Naaman was commander of the army of the king of Aram. He was a very important man in the eyes of his master. And he was highly respected. That's because the LORD had helped him win the battle over Aram's enemies. He was a brave soldier. But he had a skin disease.
Companies of soldiers from Aram had marched out. They had captured a young girl from Israel. She became a servant of Naaman's wife.
She spoke to the woman she was serving. She said, "I wish my master would go and see the prophet who is in Samaria. He would heal my master of his skin disease."
Naaman went to see his own master. He told him what the girl from Israel had said.
"I think you should go," the king of Aram replied. "I'll give you a letter to take to the king of Israel." So Naaman left. He took 750 pounds of silver with him. He also took 150 pounds of gold. And he took ten sets of clothes.
He carried the letter to the king of Israel. It said, "I'm sending my servant Naaman to you with this letter. I want you to heal him of his skin disease."
The king of Israel read the letter. As soon as he did, he tore his royal robes. He said, "Am I God? Can I kill people and bring them back to life? Why does this fellow send someone to me to be healed of his skin disease? He must be trying to pick a fight with me!"
Elisha, the man of God, heard that the king of Israel had torn his robes. So he sent the king a message. It said, "Why have you torn your robes? Tell the man to come to me. Then he will know there is a prophet in Israel."
So Naaman went to see Elisha. He took his horses and chariots with him. He stopped at the door of Elisha's house.
Elisha sent a messenger out to him. The messenger said, "Go. Wash yourself in the Jordan River seven times. Then your skin will be healed. You will be pure and clean again."
But Naaman went away angry. He said, "I was sure he would come out to me. I thought he would stand there and pray to the LORD his God. I thought he would wave his hand over my skin. Then I would be healed.
And what about the Abana and Pharpar rivers of Damascus? Aren't they better than any of the rivers of Israel? Couldn't I wash in them and be made pure and clean?" So he turned and went away. He was burning with anger.
Naaman's servants went over to him. They said, "You are like a father to us. What if the prophet Elisha had told you to do some great thing? Wouldn't you have done it? But he only said, 'Wash yourself. Then you will be pure and clean.' You should be even more willing to do that!"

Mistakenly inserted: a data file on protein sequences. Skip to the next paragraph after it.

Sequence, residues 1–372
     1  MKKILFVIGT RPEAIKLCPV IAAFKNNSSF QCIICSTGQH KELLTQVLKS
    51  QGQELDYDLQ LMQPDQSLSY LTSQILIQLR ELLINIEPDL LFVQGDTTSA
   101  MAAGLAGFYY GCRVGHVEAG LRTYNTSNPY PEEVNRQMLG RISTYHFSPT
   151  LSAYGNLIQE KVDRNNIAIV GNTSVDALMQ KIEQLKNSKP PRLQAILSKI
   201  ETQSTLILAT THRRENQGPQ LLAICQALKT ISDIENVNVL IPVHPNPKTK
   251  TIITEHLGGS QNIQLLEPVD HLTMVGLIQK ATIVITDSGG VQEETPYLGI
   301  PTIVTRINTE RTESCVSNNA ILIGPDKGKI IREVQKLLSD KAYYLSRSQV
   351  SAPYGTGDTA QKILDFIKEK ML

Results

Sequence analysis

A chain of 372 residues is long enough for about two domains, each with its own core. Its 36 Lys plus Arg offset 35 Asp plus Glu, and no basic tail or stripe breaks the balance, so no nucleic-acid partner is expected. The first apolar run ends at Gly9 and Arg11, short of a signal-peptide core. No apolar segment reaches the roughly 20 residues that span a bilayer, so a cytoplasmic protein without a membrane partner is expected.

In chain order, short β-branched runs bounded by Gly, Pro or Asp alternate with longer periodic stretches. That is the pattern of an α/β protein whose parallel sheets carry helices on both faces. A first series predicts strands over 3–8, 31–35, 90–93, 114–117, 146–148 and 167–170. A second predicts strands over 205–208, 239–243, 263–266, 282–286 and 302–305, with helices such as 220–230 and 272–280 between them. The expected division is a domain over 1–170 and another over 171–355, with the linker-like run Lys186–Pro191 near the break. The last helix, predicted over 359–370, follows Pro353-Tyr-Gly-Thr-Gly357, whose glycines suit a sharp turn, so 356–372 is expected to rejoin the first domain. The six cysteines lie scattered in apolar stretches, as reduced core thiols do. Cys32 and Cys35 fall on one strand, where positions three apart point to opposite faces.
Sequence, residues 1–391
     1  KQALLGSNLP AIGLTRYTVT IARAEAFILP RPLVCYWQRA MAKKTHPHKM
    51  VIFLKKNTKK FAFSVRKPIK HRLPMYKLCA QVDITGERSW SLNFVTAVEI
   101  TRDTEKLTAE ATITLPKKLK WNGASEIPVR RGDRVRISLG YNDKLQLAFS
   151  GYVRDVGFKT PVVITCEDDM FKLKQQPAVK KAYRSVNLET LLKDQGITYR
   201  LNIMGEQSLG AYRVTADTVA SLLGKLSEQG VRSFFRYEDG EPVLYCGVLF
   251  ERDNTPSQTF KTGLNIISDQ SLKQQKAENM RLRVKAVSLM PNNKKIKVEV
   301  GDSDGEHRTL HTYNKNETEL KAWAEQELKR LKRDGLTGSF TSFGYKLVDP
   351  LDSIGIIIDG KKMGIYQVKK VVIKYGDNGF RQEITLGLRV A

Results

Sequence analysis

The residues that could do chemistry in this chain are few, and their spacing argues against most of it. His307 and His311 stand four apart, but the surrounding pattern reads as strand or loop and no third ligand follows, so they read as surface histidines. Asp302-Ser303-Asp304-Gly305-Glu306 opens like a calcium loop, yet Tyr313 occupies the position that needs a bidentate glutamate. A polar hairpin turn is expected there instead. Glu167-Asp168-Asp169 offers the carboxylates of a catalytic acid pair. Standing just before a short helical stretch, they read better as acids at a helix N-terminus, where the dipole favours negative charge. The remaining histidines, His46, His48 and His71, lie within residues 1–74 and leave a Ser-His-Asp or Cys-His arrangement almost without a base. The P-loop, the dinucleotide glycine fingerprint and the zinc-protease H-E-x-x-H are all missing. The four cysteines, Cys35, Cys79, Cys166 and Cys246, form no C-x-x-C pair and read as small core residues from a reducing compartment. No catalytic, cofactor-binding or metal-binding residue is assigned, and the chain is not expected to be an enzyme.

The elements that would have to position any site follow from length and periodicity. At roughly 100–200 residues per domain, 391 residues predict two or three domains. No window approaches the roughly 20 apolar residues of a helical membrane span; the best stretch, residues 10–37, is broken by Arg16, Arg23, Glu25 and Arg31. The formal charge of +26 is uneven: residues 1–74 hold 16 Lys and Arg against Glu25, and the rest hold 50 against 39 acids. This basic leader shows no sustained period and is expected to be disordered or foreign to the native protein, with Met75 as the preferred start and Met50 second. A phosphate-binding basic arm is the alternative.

So Naaman went down to the Jordan River. He dipped himself in it seven times. He did exactly what the man of God had told him to do. Then his skin was made pure again. It became clean like the skin of a young boy.
Naaman and all of his attendants went back to the man of God. Naaman stood in front of Elisha. He said, "Now I know that there is no God anywhere in the whole world except in Israel. Please accept a gift from me."
The prophet answered, "I serve the Lord. You can be sure that he lives. And you can be just as sure that I won't accept a gift from you." Even though Naaman begged him to take it, Elisha wouldn't.
"I can see that you won't accept a gift from me," said Naaman. "But please let me have some soil from your land. Give me as much as a pair of mules can carry. Here's why I want it. I won't ever bring burnt offerings and sacrifices to any other god again. I'll bring them only to the Lord. I'll worship him on his own soil.
"But there is one thing I hope the LORD will forgive me for. From time to time my master will enter the temple to bow down to his god Rimmon. When he does, he'll lean on my arm. Then I'll have to bow down there also. I hope the LORD will forgive me for that."
"Go in peace," Elisha said. Naaman started out on his way.
Gehazi was the servant of Elisha, the man of God. Gehazi said to himself, "My master was too easy on Naaman from Aram. He should have accepted the gift he brought. I'm going to run after Naaman. I'm going to get something from him. And that's just as sure as the LORD is alive."
Gehazi hurried after Naaman. Naaman saw him running toward him. So he got down from the chariot to greet him. "Is everything all right?" he asked.
"Everything is all right," Gehazi answered. "My master sent me to say, 'Two young men from the company of the prophets have just come to me. They've come from the hill country of Ephraim. Please give them 75 pounds of silver and two sets of clothes.' "
"I wish you would take twice as much silver," said Naaman. He begged Gehazi to accept it. Then Naaman tied up 150 pounds of silver in two bags. He also gave Gehazi two sets of clothes. He gave all of it to two of his own servants. They carried it ahead of Gehazi.
Gehazi came to the hill where Elisha lived. Then the servants handed the things over to Gehazi. He put them away in Elisha's house. He sent the men away, and they left.
Then he went back inside the house. He stood in front of his master Elisha. "Gehazi, where have you been?" Elisha asked. "I didn't go anywhere," Gehazi answered.
But Elisha said to him, "Didn't my spirit go with you? I know that the man got down from his chariot to greet you. Is this the time for you to accept money or clothes? Is it the time to take olive groves, vineyards, flocks or herds? Is it the time to accept male and female servants?
You and your children after you will have Naaman's skin disease forever." Then Gehazi left Elisha. And he had Naaman's skin disease. His skin was as white as snow.